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This isn't the exact use scenario but I was wondering if it was possible to get the value passed to the switch statement without having to retype what is in the switch() part.

Example :

switch(someObject.withSomevalue*(Math.random()*11)) {
    case 1 : alert("one");
    // more cases here
    default: alert(theNumberThatWasPassed);
}

If we run the Math.random() again we'll get another random number that very well could meet one of the cases, so calling what aws called in the switch(x) statement isn't an option. I've been just storing it in a variable - x = someObject.withSomevalue*(Math.random()*11) - and then passing it to the switch that way switch(x), but I was wondering if it's possible to get the value passed to the switch within the switch statement.

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5 Answers 5

up vote 2 down vote accepted

This is the same as asking if you can find the values for if(Math.random()){...}. The answer is no, because they are language constructs, and not functions.

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Thanks, that makes sense. I'll accept this as soon as the timeframe delay passes. –  A Wizard Did It Nov 8 '10 at 18:12

As everyone else pointed out you have to save it in a variable. But you can do the following in the expression though I do not know how cross browser compatible this is:

  switch(x = <your expression>){
    //
    default:alert(x);
  } 

and at least you save one line of code.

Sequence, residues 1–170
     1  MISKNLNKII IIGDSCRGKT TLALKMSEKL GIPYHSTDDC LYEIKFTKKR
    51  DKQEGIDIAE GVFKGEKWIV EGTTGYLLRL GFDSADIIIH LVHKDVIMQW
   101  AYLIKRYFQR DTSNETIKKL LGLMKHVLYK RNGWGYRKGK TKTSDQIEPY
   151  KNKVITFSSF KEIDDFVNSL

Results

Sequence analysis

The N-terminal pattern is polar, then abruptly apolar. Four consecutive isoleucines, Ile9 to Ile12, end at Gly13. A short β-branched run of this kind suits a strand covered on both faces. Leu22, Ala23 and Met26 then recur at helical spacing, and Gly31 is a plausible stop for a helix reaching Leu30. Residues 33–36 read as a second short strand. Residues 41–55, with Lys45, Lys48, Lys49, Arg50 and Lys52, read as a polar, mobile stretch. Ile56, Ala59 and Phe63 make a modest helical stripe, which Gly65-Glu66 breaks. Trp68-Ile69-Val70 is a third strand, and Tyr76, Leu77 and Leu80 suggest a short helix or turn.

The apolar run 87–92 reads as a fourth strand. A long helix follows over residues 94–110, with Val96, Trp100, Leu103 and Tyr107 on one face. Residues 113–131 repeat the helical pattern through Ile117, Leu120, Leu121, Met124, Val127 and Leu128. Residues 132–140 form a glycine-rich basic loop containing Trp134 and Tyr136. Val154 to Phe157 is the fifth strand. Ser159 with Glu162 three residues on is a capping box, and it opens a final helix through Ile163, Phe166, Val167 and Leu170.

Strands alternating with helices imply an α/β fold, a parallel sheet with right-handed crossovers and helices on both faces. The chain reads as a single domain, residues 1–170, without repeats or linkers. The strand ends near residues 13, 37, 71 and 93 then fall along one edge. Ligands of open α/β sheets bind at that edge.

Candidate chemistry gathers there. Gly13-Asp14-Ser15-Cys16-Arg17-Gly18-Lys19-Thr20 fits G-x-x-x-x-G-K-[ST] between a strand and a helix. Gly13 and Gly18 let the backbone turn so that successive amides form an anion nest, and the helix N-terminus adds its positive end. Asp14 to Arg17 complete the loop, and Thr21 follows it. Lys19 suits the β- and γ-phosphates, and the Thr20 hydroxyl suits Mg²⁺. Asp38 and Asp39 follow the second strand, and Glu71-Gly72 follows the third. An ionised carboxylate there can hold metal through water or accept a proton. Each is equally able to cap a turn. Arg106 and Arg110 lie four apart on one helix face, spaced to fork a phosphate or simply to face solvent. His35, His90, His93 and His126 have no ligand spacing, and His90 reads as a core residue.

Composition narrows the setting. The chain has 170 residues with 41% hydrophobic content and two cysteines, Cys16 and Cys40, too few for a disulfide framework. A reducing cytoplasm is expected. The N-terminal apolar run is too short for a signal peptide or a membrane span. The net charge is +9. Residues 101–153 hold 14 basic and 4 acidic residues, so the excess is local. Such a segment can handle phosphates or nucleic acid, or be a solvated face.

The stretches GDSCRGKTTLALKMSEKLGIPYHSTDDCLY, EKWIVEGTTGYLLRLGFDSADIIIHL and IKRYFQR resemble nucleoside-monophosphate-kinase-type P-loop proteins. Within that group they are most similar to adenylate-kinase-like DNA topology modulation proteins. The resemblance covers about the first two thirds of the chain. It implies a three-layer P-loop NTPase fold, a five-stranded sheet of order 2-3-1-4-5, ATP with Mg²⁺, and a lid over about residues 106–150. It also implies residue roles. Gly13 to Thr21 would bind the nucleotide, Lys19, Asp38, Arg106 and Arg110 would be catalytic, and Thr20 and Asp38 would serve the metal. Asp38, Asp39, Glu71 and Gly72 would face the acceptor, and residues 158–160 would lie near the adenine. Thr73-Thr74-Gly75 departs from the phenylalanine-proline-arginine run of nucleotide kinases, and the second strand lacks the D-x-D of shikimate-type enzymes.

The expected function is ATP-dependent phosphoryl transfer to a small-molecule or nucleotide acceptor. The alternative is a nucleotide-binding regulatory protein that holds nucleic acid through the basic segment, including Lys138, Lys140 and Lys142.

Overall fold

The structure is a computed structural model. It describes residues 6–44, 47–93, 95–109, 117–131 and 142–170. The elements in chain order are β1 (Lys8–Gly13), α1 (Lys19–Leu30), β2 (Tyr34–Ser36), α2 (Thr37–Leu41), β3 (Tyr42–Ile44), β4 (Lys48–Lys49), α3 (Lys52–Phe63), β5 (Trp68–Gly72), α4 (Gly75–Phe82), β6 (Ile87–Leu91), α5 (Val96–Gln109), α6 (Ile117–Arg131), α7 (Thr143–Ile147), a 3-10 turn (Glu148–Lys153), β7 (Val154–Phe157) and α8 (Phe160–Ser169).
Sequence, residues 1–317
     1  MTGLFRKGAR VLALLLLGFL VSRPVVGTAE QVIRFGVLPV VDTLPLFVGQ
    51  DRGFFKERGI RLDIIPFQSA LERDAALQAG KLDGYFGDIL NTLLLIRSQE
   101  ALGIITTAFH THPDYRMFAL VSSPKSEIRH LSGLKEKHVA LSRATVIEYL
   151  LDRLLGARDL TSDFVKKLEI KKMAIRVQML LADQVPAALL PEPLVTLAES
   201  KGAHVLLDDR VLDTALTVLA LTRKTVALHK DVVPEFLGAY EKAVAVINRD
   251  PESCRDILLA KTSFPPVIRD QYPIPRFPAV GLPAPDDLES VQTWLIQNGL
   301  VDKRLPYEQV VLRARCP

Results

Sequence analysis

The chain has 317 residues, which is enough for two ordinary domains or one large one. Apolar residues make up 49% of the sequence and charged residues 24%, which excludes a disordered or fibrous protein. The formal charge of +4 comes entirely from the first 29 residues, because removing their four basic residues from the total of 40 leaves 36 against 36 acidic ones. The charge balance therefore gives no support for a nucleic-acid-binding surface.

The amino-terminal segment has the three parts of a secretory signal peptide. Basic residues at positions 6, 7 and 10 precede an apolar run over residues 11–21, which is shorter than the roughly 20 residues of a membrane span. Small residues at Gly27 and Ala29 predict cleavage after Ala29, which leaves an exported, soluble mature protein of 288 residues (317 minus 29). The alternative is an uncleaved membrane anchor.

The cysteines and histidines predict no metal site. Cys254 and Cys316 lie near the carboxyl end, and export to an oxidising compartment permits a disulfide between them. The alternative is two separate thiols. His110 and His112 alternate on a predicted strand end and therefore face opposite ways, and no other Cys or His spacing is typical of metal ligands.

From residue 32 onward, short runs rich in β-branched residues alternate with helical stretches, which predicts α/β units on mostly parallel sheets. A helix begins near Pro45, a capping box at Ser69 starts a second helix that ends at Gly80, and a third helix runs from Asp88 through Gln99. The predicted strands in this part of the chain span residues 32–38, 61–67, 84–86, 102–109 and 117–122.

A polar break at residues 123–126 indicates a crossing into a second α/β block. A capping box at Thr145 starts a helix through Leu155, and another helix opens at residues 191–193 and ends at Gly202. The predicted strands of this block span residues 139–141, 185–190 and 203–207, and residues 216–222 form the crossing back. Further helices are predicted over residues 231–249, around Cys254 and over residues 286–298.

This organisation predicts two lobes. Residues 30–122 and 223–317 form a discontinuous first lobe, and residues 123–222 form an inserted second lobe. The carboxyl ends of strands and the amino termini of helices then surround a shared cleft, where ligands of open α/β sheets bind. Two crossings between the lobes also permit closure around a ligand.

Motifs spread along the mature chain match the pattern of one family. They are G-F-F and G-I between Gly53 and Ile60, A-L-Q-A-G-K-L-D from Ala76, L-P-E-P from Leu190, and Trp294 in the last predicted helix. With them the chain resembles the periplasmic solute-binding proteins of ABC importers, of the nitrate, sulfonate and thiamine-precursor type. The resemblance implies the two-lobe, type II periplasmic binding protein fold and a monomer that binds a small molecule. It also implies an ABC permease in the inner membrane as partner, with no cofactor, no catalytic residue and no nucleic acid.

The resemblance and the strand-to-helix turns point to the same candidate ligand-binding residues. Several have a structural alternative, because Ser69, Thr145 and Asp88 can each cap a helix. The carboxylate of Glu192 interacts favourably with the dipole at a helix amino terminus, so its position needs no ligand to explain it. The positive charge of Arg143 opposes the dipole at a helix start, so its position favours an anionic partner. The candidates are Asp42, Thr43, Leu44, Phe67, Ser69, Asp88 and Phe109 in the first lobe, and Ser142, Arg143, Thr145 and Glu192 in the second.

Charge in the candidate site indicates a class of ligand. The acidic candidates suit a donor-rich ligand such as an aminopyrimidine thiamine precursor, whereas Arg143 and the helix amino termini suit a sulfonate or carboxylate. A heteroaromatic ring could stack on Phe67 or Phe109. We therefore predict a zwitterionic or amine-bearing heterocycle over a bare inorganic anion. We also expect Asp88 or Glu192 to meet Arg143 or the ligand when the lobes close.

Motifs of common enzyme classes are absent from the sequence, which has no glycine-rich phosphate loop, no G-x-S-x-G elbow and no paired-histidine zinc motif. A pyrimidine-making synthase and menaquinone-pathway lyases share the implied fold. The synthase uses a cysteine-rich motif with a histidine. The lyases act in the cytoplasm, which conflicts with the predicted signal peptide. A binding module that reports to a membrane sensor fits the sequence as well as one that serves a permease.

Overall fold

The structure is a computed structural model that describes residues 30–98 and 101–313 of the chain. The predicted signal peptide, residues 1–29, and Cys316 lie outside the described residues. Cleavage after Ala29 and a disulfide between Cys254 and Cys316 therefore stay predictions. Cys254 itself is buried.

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1  
Well "x" has to be declared with a var statement unless it's ok for it to be global. –  Pointy Nov 8 '10 at 18:13
    
It's perfectly valid and the return value of the expression inside the switch will be <your expression>. ECMA-262 v5 11.13.1 step 6. –  Alin Purcaru Nov 8 '10 at 18:19

Just capture it into a variable before the switch and use that variable.

var myValue = someObject.withSomevalue*(Math.random()*11);
switch(myValue) {
    case 1 : alert("one");
    // more cases here
    default: alert(myValue);
}
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2  
I'm already doing that, I was looking to see if there was another way. –  A Wizard Did It Nov 8 '10 at 18:09
    
Maybe reading the question would be nice. –  Alin Purcaru Nov 8 '10 at 18:10
    
Nope, the switch statement doesn't afford any API for recalling the value being compared. You need to just capture the variable. –  Kenny Wyland Nov 8 '10 at 18:11

I would say your best bet would be to do what you currently are doing, and capture it into the variable before the switch statement. Is there any reason you would not want to do this besides saving a line of code?

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Curiosity more than anything. If it's possible I'd like to know that it's possible. –  A Wizard Did It Nov 8 '10 at 18:09

Interesting... OP, I'm trying to look at your thought process. Maybe just write out the code how you think it should look like (ignoring that it wouldn't work in the first place).

update:

At least in C/C++, you can just form another block to have the var only be accessible within the switch:


...
{
    var mySwitchVar = blah;
    switch(mySwitchVar) {
        case blah blah blah:
        default blah blah:
    }
}
...

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I didn't know if there was something like a "this.value" or whatever that would be private to only the switch statement. –  A Wizard Did It Nov 8 '10 at 18:43

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